Gov. Ray Mabus of Mississippi last week unveiled a sweeping, $500-million education-reform package to be funded in part by creation of a state lottery.
The package includes many of the most popular ideas in education reform, including merit schools, suspension of drivers’ licenses for dropouts, and early-childhood intervention.
But the three-year plan drew immediate fire from some state lawmakers, who warned that the legislature was unlikely to accept the lottery idea.
Mr. Mabus estimated that the lottery would raise $180 million--a little more than a third of his requested new spending. The remaining $319.7 million would come from projected revenue growth in the state’s general operating fund, without an increase in tax rates.
Mississippi’s current budget for elementary and secondary education is $864.4 million.
Mr. Mabus did not immediately call a special session of the legislature to consider the proposals. But he has not ruled out the possibility of a session before the end of the year, according to a spokesman.
“These education improvements are ambitious, but they can be achieved and we can do it without a tax increase through a lottery,” Mr. Mabus said in releasing the plan. “This money must be dedicated to education.”
A lottery could be implemented as early as July 1990, Mr. Mabus said, if the required constitutional amendment is approved by voters in the spring.
But C. Jack Gordon, chairman of the Senate education committee, said the lottery proposal was unlikely to be placed on the ballot.
“This is an ‘Alice in Wonderland’ approach to financing these programs,” Mr. Gordon said. “A lottery proposal might pass the House, and it might even pass the people, but it won’t ever get to the people because it will never pass the Senate.”
The House has passed a lottery amendment three times, but each time it has died in the Senate.
Peggy B. Peterson, president of the Mississippi Association of Educators, urged that the lottery proposal be considered.
“I think the people of Mississippi should be given an opportunity to vote on” a lottery amendment, Ms. Peterson said. “I don’t think the legislature should stop the process.”
The package includes some bread-and-butter proposals that drew the endorsement of the mae, a Nation8al Education Association affiliate.
It slates $26 million in the program’s second year and $58 million in the third for teacher raises, in an effort to bring state pay levels up to regional and national averages.
It proposes $36 million over the next three years for a statewide insurance pool to provide health coverage for teachers. Currently, teachers receive only $250 a year in health benefits, according to Ms. Peterson.
The Mabus plan also includes $67.2 million over three years to equalize funding among school districts.
Mr. Mabus said that schools should provide one hour of technolel10logy-based instruction a day for every student. To reach that goal, the plan seeks $50 million over three years to buy or lease computers, software, and video-learning tools.
The package also includes a two-pronged approach to a merit-schools plan. The first part--dubbed the “Better” schools program--would measure individual schools on a performance index that includes test scores, dropout rates, student and teacher attendance, percentage of students in the college-bound curriculum, and parental involvement.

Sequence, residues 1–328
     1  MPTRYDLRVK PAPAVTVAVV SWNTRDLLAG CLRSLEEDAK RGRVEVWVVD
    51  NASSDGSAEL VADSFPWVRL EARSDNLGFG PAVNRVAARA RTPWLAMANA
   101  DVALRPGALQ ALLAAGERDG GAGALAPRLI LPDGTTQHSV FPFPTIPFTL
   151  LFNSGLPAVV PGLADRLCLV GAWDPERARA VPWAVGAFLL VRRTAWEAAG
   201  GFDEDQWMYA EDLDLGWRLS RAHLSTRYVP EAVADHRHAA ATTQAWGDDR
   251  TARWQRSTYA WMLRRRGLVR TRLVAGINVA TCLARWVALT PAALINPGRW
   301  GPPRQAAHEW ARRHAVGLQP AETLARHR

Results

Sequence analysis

Schools that showed improvement would receive incentive payments, and those that continued to improve over several years would gain relief from many state regulations.
In addition, the “Lighthouse” schools program would designate high-performance schools as “incubators” for pilot projects.
The total amount slated for both programs over three years is about $23 million. A “Corporation for Educational Innovation,” to be led by representatives of the private sector, is to help design the two programs.
More than $17 million is designated for early-childhood programs. The plan calls for requiring school districts, child-care centers, and Head Start programs to screen every 3- and 4-year-old for school readiness.
The proposal also includes an “impairment and conservatorship” program similar to district-takeover laws in other states. If a district were not meeting minimum academic standards, it would be judged “impaired” and be required to submit to the state detailed plans to correct deficiencies. Such districts would also receive state assistance.
If such a district failed to upgrade its performance, the state could appoint a temporary “conservator,” who would have the power of a local superintendent and school board until corrective action was taken.
Other proposals include:
Creating a debt-service fund for capital improvements, particularly installation of air conditioning;
Establishing school-based health clinics;
Appointing a special commission to design a program to encourage 8th graders to sign a contract to stay in school and maintain a C average in exchange for financial help in postsecondary education; and
Withholding drivers’ licenses from school dropouts under age 18.
The Mabus plan also includes a variety of dropout-prevention initiatives; family- and adult-literacy programs; funds for academic coaches, teams, and competitions; and several higher-education initiatives, such as a teacher corps and partnerships with K-12 schools.
A version of this article appeared in the November 01, 1989 edition of Education Week as Mabus Offers Reform Package Tied to New Lottery